Longitudinal data on infections and deaths in care homes would have allowed real time monitoring from the start of the pandemic, early detection of problems, and targeted appropriate interventions. This could have yielded insights into the natural course of covid-19 in care homes, underpinned evidence based guidance, and identified triggers for service responses. As patients were discharged from hospitals to care homes after treatment, data on the health of residents would have been invaluable to develop strategies to protect people at greatest risk and minimise further spread within homes. Such data could also inform the need for bespoke surveillance systems for future pandemic waves.
Other countries have introduced care home minimum datasets, but none have been adapted for, or adopted into, routine UK care. In the US nursing homes are federally mandated to contribute to a minimum dataset, and payments are contingent on participation.13 Related measures, such as the Resident Assessment Instrument and Dutch National Measurement of Care Problems, are in use in Europe.1415 None, however, provide the comprehensive information at the individual resident, care home, or organisational levels needed for health monitoring, and all have faced challenges in implementation.
Timely and accessible data on residents’ health, wellbeing, and service use could support rational planning and delivery of care tailored to residents’ needs, something that UK health and social care sectors have often struggled to do. Data are also vital for research, and for monitoring equity in outcomes and access to care. Workloads are already high in care homes, though, and it is crucial that data collection is not a burden on staff.
This pandemic has focused public and political attention on the needs of people in care homes, exposing a long established gap in data intelligence and prioritisation of needs. Such information could have made the difference between rapid, effective responses and the high rates of infection and mortality that have been the hallmark of covid-19. Political decisions on the funding and organisation of social care over decades have led us to this point.16 As societies question these choices and seek better ways of looking after our older citizens, ensuring that care homes are part of a data system that works to support and protect residents must be a priority.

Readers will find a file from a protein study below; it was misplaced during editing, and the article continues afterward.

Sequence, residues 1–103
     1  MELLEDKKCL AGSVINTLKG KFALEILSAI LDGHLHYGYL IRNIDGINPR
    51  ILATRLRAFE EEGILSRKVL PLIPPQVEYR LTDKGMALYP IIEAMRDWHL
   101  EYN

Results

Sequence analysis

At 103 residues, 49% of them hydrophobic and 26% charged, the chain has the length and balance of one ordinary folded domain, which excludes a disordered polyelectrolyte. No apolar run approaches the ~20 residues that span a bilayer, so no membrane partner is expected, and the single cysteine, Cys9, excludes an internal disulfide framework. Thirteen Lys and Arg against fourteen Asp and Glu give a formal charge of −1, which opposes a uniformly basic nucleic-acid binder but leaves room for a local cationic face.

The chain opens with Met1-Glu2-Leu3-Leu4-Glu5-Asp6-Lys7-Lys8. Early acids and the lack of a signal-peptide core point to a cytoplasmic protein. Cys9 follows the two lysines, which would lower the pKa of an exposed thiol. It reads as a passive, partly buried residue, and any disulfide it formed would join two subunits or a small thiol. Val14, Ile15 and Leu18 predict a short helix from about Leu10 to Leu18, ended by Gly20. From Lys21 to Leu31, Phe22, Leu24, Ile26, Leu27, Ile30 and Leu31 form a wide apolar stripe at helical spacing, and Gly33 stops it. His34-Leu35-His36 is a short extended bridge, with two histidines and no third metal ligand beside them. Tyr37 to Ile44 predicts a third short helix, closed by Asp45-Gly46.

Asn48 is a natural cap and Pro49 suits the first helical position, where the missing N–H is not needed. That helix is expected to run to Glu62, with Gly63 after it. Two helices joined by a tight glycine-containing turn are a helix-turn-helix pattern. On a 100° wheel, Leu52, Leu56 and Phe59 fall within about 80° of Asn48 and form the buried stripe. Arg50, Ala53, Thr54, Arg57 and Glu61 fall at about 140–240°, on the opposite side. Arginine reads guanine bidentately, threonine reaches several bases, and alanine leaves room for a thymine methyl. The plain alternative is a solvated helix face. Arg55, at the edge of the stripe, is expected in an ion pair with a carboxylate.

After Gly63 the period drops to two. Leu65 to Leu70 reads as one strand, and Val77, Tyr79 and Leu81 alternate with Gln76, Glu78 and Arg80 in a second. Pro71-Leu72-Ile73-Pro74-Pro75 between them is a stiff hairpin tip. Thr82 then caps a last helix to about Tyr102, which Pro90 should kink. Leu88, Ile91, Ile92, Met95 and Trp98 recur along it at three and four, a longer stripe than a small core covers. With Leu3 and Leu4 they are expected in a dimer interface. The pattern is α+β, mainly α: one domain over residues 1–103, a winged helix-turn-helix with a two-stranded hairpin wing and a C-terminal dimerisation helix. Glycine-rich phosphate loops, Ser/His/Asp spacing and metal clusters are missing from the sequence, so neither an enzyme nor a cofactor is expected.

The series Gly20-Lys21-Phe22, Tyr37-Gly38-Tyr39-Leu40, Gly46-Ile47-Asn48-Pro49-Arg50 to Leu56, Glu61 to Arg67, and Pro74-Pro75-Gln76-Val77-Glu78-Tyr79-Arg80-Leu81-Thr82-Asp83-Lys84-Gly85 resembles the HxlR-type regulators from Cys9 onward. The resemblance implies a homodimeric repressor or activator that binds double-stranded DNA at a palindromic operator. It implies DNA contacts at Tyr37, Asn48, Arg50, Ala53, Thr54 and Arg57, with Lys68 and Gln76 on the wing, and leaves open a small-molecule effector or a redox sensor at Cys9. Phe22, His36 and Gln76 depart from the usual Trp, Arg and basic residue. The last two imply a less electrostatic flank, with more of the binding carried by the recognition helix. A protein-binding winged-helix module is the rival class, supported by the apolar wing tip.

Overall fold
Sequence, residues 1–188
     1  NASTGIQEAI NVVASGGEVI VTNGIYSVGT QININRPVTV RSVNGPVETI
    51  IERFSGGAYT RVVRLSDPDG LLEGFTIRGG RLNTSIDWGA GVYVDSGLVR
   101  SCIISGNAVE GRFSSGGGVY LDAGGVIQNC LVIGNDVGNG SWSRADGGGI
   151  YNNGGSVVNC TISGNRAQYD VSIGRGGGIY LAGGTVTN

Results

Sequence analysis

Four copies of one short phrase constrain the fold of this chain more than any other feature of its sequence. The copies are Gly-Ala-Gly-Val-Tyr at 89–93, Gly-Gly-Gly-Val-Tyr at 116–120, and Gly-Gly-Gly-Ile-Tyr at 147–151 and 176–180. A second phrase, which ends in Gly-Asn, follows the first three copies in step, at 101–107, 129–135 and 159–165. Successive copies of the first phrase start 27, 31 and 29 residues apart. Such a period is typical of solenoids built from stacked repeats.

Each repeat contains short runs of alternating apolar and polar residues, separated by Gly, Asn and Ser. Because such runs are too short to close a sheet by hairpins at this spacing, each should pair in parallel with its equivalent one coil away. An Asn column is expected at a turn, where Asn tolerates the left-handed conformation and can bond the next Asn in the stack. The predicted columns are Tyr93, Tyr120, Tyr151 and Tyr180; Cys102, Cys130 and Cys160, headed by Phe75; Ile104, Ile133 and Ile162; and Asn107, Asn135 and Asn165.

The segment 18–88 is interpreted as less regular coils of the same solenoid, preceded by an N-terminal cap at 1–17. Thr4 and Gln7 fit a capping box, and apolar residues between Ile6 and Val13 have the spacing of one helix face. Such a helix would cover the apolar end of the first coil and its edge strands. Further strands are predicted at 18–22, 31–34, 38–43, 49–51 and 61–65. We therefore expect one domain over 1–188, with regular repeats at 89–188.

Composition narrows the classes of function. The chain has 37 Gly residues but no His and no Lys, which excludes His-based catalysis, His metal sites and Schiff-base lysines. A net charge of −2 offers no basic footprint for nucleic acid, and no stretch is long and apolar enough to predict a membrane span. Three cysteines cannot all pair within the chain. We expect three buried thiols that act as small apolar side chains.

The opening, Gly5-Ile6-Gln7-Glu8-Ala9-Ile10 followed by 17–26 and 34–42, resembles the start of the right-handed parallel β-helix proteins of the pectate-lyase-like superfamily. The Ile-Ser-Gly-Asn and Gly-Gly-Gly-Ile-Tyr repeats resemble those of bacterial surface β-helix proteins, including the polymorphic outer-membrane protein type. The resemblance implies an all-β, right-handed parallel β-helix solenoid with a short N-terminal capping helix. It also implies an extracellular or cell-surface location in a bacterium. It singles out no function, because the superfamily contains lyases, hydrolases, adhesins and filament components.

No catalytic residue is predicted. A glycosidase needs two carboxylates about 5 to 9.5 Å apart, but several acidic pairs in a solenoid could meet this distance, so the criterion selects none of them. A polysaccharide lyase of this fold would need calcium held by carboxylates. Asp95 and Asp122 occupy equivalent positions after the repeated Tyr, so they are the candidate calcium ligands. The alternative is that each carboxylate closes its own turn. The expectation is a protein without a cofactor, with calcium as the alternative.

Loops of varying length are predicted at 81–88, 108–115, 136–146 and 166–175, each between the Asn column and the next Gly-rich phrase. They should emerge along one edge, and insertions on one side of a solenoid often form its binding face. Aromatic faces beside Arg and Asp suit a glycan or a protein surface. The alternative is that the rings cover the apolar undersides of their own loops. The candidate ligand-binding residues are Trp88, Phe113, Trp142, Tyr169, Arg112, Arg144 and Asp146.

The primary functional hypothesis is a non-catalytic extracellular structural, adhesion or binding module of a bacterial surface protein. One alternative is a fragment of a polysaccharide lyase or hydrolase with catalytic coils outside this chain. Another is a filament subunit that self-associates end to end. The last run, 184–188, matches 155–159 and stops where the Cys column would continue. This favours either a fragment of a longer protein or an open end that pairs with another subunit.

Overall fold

We thank the other members of the DACHA (Developing research resources and minimum data set for care homes’ adoption and use) study team: Gizdem Akdur, Lisa Irvine, Massirfufulay Musa, Sarah Kelly, Andy Cowan, Guy Peryer, Anne Killett, Priti Biswas, Jessica Blake, Ian Lang, Anne-Marie Towers, Susan Fortescue, Julienne Meyer, Adam Steventon, and Arne Walters. The DACHA study is funded by the National Institute for Health Research (NIHR) Health Service Research and Delivery programme (HS&DR NIHR127234) and supported by the NIHR ARC East of England. BH, ALG, and KS are supported by NIHR ARCs North East and North Cumbria, East Midlands, Yorkshire and Humber. The views expressed are those of the authors, and not necessarily those of the NIHR, NHS, or Department of Health and Social Care.
Competing interests: The BMJ has judged that there are no disqualifying financial ties to commercial companies. The authors have no other interests to declare.
Provenance and peer review: Not commissioned; externally peer reviewed.